Advocates for equal pay suffered a setback on Wednesday, as Republicans in the House voted against an amendment that would have protected funding for the collection of pay data by the Equal Employment Opportunity Commission.
Last year, the EEOC under President Obama announced it would require private employers with more than 100 workers, and federal contractors with more than 50, to report their employees’ compensation broken down by sex, race, and ethnicity. The requirement, aimed at shedding light on persistent racial and gender disparities in Americans’ pay, was supposed to take effect in March 2018.
The Trump administration blocked the requirement earlier this year but left the door open for the EEOC to resubmit revised pay reporting requirements for review. The appropriations bill currently before the House, however, excludes funding for implementing a new EEOC reporting requirement, which would make it harder for the EEOC to collect pay data even if it eventually reaches a compromise with the administration. So Reps. Rosa DeLauro (D-CT), Lois Frankel (D-FL), and Bobby Scott (D-VA) introduced an amendment to preserve funding for EEOC data collection, but House Republicans defeated it in a party-line vote, 223-192. (An American Civil Liberties Union blog post on the vote offers some context on the EEOC requirement and its history.)
By blocking funding for data collection, the vote today could stall efforts to make sure women and people of color get fair pay for their work. As Abigail Hess of CNBC notes, the EEOC can sue companies it has reason to believe are guilty of pay discrimination. But since many employees don’t know how much their co-workers make, there’s often no way for anyone to know if they’re being discriminated against. The new requirement would have helped the EEOC spot discrimination; without data broken out by race and sex, its job remains that much more difficult.
Why pay data matters
As Vox’s Sarah Kliff explains, we often talk about “the wage gap” as a single entity, but there are many different wage gaps. In 2016, Asian-American women made about 88 cents for every dollar white men made, while white women made 79 cents, black women made 62 cents, and Hispanic women made 57 cents. Black and Hispanic men also make less than white men, on average, while Asian-American men make a bit more. These disparities also vary by state and by occupation — some jobs have smaller wage gaps than others.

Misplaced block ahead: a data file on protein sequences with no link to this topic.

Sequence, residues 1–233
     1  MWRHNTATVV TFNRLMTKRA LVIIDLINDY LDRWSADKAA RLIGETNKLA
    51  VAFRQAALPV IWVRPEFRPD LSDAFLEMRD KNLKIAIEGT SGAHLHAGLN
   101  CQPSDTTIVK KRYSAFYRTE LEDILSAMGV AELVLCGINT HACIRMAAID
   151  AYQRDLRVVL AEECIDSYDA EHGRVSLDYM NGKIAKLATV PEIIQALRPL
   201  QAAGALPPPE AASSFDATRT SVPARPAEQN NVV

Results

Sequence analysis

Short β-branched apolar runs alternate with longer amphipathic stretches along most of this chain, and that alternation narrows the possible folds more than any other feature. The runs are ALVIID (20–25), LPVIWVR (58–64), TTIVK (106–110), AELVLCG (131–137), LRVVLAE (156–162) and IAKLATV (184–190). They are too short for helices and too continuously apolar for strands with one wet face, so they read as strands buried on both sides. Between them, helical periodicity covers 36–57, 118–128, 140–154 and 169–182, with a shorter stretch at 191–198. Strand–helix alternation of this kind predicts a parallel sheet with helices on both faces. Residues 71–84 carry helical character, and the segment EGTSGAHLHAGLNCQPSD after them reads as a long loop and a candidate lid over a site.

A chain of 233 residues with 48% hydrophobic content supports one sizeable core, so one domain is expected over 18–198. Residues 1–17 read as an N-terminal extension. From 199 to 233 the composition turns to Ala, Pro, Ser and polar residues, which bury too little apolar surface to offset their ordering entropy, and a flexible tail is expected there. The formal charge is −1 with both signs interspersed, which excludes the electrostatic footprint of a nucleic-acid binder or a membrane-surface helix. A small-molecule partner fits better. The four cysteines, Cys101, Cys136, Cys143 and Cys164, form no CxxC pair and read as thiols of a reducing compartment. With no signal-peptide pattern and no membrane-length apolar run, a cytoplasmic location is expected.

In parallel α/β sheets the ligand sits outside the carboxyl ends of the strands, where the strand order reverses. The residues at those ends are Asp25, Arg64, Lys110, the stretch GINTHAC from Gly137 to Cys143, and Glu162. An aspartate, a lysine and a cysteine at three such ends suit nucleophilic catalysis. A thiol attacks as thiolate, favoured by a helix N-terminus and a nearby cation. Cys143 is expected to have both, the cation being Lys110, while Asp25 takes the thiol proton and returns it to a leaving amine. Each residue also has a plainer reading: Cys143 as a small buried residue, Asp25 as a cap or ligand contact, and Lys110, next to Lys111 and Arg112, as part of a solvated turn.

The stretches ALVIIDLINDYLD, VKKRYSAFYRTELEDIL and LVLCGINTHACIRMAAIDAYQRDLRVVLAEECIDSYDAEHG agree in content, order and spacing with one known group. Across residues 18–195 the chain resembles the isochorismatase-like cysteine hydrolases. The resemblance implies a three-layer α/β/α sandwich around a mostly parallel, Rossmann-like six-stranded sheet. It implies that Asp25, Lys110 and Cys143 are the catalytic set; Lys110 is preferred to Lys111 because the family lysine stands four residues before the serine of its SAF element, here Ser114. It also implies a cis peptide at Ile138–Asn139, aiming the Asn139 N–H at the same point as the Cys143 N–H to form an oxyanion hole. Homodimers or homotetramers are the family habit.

While the wage gap in some occupations is shrinking — women pharmacists, for instance, are doing much better than they used to — pay inequality overall has been slow to change. At the current rate, women overall will reach parity with men in 2059, according to the Institute for Women’s Policy Research. For black women, and for women living in North Dakota, Utah, Wyoming, and Louisiana, the gap won’t close until the 22nd century. For Hispanic women, it won’t close until the 23rd.
To help American workers see pay equity in their lifetime, it helps to have accurate data on who’s making what. “The Equal Pay Data Collection, which would only impact employers with 100 employees or more, encourages companies to identify and correct pay disparities and enables the EEOC to more effectively root out discrimination,” said DeLauro in a statement to Vox. “We need to address pay discrimination head on — not sweep it under the rug.”
But the Trump administration and some business groups have argued that the reporting requirement put too great a burden on companies and wouldn’t help close the wage gap anyway. On Wednesday, the House sided with them.